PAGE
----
A taste of Spain, France and Italy  with a white that’s worth watching for. This week the spotlight is on affordable red blends and a splurge from Northern Italy.

Terraprima, D.O. Penendes, Spain 2007  Can Rafols del Caus $19.95terraprima

This blend of 60% Cabernet Franc, 30% Garnacha , 10% Syrah comes in just under $20, but tastes like you paid much more.  It is deep ruby, medium-bodied, fruity and herbal. Jay Miller of eRobertParker.com gave it a 90 and called it a racy red. It even comes with a story – Carlos Estevez, owner of the Can Rafols del Caus estate took a mining company to court because it wanted to create a quarry in the next valley. Estavez argued successfully the project would hurt his vines and destroy the natural beauty of the area. The judge ruled in his favour only if Estevez took over the land himself.  Enter Terraprima.  Thank you Your Honour! Good pairing with pasta.

armoiriesTerres D’Avignon Reserve Des Armoiries Cote du Rhone 2010 

Another blend – this one from Southern Rhone combines Carignan, Cinsault, Syrah, Grenache and Mourvedre grapes. It’s dry with plenty of flavour and fine tannins. Juicy comes to mind. Best paired with slow roasted meat. And I saved the best for last. It is only $14.95 at the LCBO.

Don Jacobo Reserva  DOCa Rioja, Spain 2004don jacobo

I am a real fan of Spanish wines – they tend to be more afforable yet still pack a punch. The LCBO advertised this one as “Back by Popular Demand” and after tasting a glass – I can understand why.  Dark red cherry, with big fruit  and spice, medium to full bodied.  The blend is 90% Tempranillo, 10% Garnacha and Mazuelo(otherwise known as Carignan), Nicely aged at a terrific price, just $17.95 a bottle. I am signing up for a case.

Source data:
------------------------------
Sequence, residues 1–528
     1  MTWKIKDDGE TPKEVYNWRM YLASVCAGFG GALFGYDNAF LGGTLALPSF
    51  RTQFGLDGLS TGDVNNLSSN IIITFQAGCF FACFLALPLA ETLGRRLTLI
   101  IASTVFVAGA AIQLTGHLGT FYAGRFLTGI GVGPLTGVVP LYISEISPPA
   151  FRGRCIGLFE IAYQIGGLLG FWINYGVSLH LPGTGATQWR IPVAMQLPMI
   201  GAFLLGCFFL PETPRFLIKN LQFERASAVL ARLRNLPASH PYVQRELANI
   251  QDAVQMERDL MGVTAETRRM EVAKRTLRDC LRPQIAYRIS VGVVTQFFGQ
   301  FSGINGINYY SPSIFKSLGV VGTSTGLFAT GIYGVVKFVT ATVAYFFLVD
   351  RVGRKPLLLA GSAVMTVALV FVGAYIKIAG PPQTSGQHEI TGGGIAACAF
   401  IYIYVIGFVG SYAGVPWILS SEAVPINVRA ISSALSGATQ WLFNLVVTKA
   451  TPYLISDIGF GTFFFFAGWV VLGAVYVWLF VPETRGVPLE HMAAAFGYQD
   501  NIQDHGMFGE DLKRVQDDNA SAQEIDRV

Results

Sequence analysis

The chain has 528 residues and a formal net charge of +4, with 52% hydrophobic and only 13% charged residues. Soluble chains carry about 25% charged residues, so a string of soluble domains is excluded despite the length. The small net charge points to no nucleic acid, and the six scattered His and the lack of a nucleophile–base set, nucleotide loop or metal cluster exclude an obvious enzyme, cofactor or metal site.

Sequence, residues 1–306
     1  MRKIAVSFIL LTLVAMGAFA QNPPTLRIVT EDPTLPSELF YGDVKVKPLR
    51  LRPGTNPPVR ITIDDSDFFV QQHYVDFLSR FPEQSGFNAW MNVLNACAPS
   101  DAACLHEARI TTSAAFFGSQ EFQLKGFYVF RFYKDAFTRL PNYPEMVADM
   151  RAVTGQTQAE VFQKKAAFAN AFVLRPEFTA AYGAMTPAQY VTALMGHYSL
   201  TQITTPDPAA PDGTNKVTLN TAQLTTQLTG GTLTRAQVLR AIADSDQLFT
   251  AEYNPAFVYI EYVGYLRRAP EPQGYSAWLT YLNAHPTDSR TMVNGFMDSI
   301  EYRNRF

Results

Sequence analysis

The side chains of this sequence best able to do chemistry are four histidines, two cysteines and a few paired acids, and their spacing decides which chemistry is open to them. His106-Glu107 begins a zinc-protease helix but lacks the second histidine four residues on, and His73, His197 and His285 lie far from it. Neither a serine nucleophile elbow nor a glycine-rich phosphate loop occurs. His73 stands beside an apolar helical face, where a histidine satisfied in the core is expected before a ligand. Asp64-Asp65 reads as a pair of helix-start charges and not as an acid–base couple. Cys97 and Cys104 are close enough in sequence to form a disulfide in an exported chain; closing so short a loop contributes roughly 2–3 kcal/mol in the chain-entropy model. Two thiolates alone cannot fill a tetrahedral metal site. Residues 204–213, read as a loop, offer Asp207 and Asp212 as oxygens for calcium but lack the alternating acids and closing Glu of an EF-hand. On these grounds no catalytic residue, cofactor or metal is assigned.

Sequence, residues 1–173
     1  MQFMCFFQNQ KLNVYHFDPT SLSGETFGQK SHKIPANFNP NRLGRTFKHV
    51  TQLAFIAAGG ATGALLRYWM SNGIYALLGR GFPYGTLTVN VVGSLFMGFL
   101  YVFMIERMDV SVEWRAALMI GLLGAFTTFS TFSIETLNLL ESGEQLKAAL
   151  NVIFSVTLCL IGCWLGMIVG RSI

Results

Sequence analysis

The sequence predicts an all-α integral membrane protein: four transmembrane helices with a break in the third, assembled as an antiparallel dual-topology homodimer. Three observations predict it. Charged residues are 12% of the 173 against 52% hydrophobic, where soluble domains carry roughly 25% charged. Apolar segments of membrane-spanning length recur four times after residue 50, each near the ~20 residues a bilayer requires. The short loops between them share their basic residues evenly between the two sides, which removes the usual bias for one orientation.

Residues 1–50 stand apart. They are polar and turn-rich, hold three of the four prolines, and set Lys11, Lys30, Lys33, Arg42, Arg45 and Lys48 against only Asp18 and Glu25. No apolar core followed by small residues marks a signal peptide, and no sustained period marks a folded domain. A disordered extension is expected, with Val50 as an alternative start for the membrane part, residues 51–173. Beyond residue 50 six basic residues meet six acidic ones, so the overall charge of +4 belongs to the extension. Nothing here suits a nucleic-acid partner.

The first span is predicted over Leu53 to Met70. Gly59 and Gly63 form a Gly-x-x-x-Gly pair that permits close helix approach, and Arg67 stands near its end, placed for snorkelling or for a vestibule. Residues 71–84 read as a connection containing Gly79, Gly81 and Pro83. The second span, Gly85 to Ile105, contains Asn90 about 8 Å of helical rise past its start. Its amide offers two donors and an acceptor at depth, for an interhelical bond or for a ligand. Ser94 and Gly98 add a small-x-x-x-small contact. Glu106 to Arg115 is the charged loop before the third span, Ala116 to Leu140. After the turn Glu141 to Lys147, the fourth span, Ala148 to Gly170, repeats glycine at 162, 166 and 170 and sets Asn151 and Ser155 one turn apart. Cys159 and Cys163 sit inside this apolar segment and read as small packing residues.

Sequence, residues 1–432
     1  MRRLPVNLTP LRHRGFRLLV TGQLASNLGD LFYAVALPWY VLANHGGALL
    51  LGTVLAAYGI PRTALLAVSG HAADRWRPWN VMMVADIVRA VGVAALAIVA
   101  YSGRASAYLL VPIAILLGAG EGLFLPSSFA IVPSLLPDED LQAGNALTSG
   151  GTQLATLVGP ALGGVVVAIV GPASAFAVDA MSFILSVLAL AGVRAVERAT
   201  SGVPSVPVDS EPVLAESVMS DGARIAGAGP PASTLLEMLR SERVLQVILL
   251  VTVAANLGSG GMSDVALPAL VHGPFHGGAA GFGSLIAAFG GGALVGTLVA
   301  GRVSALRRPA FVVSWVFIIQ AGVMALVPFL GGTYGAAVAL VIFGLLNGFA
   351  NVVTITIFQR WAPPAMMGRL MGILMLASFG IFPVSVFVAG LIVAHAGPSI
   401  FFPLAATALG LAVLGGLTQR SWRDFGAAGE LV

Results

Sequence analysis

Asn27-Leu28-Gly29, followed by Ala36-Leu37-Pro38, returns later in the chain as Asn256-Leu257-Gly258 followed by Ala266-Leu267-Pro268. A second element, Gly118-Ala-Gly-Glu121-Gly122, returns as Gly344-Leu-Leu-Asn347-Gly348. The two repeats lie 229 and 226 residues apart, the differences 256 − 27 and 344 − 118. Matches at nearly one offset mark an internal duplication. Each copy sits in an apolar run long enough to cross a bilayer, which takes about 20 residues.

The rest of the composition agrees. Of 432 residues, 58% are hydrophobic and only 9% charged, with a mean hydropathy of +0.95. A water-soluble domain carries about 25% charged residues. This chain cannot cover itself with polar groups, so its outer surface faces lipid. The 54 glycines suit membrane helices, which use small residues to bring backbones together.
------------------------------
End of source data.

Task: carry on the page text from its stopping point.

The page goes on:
Ironstone Obsession Symphony 2011 $14.95sym

I came across this California wine a couple of years ago on a hot summer day and I was a little weary of my fallback Pinot Grigio or Chardonnay. I liked it enough to pick up another bottle this week.  Obssession  is light and lively. Aromatic, with a sweet finish. The Symphony grape is the star of this show. According to the LCBO website, it is a cross between Grenache Gris and Muscat of Alexandria. Perfect match for a spicy Thai dish. You will find it in general list.

Splurge of the Week: Giribaldi Barbaresco 2006 DOCG Piedmont, Italy $31.95barbaresco

Barbaresco is one of the crown jewels of Italy’s Langhe region. Like its bold and beautiful cousin Barolo, it is made from 100% Nebbiolo grapes. Interesting little fact, Nebbiolo comes from the Italian word Nebbia which means fog, which is no stranger to the stunning valleys of the Langhe. And there is an actual town of Barbaresco and Barolo – both highly worth visiting. But in the meantime, this wine is light in colour, earthy with tobacco notes and tannins that will leave you puckering for more. Decant, decant, decant for full pleasure.

Got  a blend to recommend? Let us know.

 

2013 Wednesday Wine Picks with a Sexy Suggestion

A Bottle of Kaiken that Didn't Last Long
A Bottle of Kaiken that Didn’t Last Long

Kaiken Malbec, Mendoza, Argentina  LCBO $14.95

Argentina is becoming known for great value wines and this is a good  example. It is one of the reasons Argentina has become the fifth biggest wine producer in the world. Dark purpley red in colour, this beauty is full-bodied with soft tannins and fruit and spice flavours. Nice match with barbecued meat. 98% Malbec which is Argentina’s most important grape, and 2% Cabernet Sauvignion. 14.5% alcohol.

 

 

T Sanzo Vino De La Tierra di Castilla di Leon, Spain  LCBO $14.95

A Rich Recommendation from Rioja
A Rich Recommendation from Rioja